It is ironic that Occupy Wall Street is reportedly very low on cash. This is something that Wall Street itself never has to worry about. They have ready access at all times to as much cash as they need. The Occupiers mistakenly blame capitalism, but it is not capitalism that is behind this inequity. It is the completely anti-capitalist Federal Reserve System.
The Fed purports to stimulate economic growth by expanding the volume of money and credit. This forces down interest rates and makes more money available to start new businesses or expand existing ones. However, while the currency units are created out of thin air, the purchasing power is not. The purchasing power has to come from somewhere.
As I've explained before, the expansion of money and credit really redistributes wealth from the holders of existing currency units to whoever receives the new money. When an individual "redistributes wealth" without the consent of its current owner, most people call it "stealing." Now, the Occupy movement may not have a problem with that if it results in less disparity between rich and poor. However, that's not what the Federal Reserve System is all about. The Fed steals for the 1%.
Everyone knows that the new money and credit created by the Fed flows to Wall Street. That's where big loans are made and new ventures are launched. While the borrowers do have to pay the loans back, they do so out of profits made from new capital they have acquired. The Fed silently steals this capital from everyone and transfers it to Wall Street.
This transfer is accomplished through the phenomenon of steadily increasing prices. That is the cost of creating new money. The cost is born by the 99% while the 1% keeps all of the profits.
If the amount of currency is increased and the amount of available goods and services remain the same, prices are going to rise. You don't have to take my word for it. Sometimes a spreadsheet is worth a thousand words.
This spreadsheet from the Fed's own website tracks the "inflation rate" from 1800-2008. The last column (added) tracks the price movements of a basket of goods and services that cost $100.00 in 1800. As you can see, prices dropped dramatically over time throughout the 19th century. That same basket of goods that cost $100.00 in 1800 cost only $56.74 in 1912.
It is important to understand the implications of this phenomenon for 19th century workers. It made them richer. Someone making $200.00 per year in 1912 was twice as wealthy as someone making $200.00 per year in 1800. While wages increased less in the 19th century than in the 20th, purchasing power for the average worker rose dramatically. This is the natural result of society becoming more productive. As the supply of goods goes up, all things being equal, the price of goods goes down.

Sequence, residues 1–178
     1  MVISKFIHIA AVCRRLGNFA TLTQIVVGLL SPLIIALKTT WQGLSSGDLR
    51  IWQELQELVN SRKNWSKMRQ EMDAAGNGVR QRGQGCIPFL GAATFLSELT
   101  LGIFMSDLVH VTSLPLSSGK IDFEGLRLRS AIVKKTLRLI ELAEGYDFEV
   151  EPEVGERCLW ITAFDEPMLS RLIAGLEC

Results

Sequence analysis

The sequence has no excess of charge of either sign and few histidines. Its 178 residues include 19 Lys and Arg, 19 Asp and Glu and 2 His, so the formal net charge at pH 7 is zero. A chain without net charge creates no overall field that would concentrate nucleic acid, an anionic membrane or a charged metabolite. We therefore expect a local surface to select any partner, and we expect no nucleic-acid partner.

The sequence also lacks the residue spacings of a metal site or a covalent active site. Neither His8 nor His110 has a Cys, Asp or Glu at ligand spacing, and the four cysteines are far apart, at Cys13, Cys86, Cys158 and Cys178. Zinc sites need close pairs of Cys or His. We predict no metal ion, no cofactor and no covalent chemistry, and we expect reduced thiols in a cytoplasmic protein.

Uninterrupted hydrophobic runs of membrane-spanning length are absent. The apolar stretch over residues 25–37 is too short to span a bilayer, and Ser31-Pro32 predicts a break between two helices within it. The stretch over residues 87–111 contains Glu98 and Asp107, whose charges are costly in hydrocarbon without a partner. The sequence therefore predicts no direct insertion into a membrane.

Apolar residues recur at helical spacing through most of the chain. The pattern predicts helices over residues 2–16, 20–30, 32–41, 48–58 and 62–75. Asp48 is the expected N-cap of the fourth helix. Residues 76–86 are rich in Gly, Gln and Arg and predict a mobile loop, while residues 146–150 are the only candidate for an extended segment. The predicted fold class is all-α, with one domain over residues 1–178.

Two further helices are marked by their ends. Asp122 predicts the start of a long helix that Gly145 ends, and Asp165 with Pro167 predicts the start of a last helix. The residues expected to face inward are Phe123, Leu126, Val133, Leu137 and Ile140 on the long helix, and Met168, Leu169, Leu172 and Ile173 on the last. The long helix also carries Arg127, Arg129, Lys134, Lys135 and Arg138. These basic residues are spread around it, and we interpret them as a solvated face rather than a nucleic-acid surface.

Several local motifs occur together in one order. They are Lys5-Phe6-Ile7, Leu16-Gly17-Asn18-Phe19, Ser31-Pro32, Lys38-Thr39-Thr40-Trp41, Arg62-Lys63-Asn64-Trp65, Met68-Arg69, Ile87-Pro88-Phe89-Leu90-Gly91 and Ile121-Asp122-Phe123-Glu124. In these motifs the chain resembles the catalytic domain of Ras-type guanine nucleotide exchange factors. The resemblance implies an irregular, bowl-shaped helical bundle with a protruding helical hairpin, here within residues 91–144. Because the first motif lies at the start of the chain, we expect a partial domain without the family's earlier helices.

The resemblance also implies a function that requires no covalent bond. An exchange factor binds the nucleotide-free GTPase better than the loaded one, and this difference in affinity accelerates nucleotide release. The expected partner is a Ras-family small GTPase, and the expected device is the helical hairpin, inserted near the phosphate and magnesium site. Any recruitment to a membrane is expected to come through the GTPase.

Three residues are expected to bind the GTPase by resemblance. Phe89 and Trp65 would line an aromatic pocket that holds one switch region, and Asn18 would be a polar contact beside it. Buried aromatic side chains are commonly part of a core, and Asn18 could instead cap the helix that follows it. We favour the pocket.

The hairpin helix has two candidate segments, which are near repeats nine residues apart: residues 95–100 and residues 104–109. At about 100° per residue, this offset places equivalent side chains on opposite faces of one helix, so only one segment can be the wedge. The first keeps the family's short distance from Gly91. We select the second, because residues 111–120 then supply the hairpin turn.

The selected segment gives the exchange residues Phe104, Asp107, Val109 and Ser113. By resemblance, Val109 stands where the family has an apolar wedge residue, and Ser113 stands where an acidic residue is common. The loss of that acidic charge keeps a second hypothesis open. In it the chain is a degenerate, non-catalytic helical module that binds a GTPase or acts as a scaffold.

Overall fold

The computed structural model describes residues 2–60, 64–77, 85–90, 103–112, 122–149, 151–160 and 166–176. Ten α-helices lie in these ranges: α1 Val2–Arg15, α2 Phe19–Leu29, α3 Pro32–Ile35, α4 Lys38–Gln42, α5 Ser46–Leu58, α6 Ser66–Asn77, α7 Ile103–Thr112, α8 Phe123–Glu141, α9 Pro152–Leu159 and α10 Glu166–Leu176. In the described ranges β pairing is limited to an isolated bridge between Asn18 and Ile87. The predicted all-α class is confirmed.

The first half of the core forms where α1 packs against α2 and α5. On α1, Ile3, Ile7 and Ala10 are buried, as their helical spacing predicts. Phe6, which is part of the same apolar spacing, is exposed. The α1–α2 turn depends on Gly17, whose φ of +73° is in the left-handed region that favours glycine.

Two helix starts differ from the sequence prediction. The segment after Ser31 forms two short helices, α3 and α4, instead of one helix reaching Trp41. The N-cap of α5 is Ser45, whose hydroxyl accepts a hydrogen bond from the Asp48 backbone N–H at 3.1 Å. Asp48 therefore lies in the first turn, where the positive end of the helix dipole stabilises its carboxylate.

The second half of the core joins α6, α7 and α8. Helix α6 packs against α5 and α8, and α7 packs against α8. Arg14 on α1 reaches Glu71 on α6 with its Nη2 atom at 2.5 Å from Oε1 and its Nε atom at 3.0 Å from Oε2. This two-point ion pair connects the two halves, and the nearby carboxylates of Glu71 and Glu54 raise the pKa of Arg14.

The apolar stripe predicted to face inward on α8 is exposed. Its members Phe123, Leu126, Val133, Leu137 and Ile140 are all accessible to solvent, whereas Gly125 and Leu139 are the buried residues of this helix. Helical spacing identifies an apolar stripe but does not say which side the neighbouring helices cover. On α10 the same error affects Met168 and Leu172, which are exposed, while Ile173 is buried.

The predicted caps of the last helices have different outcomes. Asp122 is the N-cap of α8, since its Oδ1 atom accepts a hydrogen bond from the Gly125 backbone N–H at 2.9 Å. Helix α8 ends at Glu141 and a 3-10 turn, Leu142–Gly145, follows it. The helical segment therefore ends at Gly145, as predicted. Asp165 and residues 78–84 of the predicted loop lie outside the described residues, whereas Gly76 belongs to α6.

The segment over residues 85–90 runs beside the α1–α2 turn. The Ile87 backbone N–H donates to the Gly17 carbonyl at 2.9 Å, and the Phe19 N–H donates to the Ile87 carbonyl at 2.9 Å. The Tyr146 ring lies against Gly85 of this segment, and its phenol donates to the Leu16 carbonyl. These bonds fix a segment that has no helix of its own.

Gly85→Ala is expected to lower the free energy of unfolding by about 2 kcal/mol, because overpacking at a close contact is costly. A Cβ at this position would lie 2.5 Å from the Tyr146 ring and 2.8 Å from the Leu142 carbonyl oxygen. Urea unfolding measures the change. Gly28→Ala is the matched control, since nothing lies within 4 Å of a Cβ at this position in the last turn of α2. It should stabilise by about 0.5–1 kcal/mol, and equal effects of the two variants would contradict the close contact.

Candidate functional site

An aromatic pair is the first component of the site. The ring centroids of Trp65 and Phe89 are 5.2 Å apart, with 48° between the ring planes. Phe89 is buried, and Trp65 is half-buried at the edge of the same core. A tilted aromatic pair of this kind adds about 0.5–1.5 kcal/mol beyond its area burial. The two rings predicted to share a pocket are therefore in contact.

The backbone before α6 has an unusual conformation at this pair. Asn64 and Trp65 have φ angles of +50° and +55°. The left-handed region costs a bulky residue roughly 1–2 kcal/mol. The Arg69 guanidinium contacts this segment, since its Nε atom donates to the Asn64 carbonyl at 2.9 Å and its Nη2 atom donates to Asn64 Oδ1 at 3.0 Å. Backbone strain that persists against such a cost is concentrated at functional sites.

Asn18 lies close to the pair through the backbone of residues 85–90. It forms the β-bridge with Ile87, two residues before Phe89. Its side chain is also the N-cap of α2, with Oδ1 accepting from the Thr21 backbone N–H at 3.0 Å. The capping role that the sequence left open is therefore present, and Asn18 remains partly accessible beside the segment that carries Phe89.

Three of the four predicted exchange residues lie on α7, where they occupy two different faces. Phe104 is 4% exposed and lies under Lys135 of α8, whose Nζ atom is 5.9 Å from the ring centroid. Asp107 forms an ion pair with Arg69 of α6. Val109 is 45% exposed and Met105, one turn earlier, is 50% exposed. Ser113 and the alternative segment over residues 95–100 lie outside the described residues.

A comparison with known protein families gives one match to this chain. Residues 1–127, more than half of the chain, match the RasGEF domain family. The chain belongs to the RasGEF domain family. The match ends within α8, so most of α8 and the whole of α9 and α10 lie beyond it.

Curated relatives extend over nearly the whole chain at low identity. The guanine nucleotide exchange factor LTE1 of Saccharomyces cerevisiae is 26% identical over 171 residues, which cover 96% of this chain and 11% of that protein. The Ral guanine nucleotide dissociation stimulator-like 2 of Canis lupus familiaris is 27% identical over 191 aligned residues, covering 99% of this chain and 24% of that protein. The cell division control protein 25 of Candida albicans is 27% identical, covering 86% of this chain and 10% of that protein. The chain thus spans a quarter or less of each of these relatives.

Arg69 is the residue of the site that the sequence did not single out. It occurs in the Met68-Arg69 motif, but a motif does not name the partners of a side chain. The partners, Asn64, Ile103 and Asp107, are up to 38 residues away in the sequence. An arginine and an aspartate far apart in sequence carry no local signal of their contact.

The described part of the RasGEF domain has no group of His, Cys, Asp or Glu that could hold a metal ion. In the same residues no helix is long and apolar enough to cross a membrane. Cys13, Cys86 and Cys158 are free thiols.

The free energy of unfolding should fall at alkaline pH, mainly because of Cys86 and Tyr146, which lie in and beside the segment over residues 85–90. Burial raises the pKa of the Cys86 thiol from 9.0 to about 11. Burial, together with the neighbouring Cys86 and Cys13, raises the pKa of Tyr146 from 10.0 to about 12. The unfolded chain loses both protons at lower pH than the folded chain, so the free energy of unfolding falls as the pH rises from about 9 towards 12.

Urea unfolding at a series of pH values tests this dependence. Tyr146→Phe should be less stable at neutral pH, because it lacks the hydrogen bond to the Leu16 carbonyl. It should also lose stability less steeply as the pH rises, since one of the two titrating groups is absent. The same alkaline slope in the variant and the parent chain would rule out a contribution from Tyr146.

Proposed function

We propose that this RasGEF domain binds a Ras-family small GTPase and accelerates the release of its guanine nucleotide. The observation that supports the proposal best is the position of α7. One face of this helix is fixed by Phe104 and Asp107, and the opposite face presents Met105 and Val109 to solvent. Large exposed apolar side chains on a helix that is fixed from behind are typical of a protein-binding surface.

Contrary to Ben Bernanke's warnings of the horrors of "deflation," falling prices were the norm throughout the period in American history when the economy and the middle class expanded most dramatically. Yes, great fortunes were made by a few, but they had to be made honestly when money was honest. Most importantly, the common worker became wealthier during this period. He didn't have to risk his savings in the stock market just to keep up with inflation. He could simply save cash and watch his purchasing power increase over time, instead of vanish.
Now, look at the same basket of goods from 1913 (the year the Fed was created) through 2008. You see exactly the opposite trend. The same basket of goods that cost $56.74 in 1912 now costs $1,265.14. Obviously, even the more dramatic increase in wages during this period has not kept up with the increase in prices. This makes the average worker poorer.
The Fed is the reason that average Americans have worked harder and become more productive over the past century yet have not experienced a corresponding increase in wealth. It is why two people in the average family have to hold jobs just to provide the lifestyle formerly provided by one. The Fed is behind the widening gap between rich and poor.
People from different ends of the political spectrum will never agree on everything. However, they can work together on those things that they do agree on, such as stopping a war or abolishing bad laws. If the Occupiers turn their attention to the Federal Reserve System, they will be surprised at the people they will find standing by their side. Libertarians, independents, and even a Republican presidential candidate will join them on this. Let's get rid of 99% of the problem now and argue about the other 1% later. Occupy the Fed.
Tom Mullen is the author of A Return to Common Sense: Reawakening Liberty in the Inhabitants of America.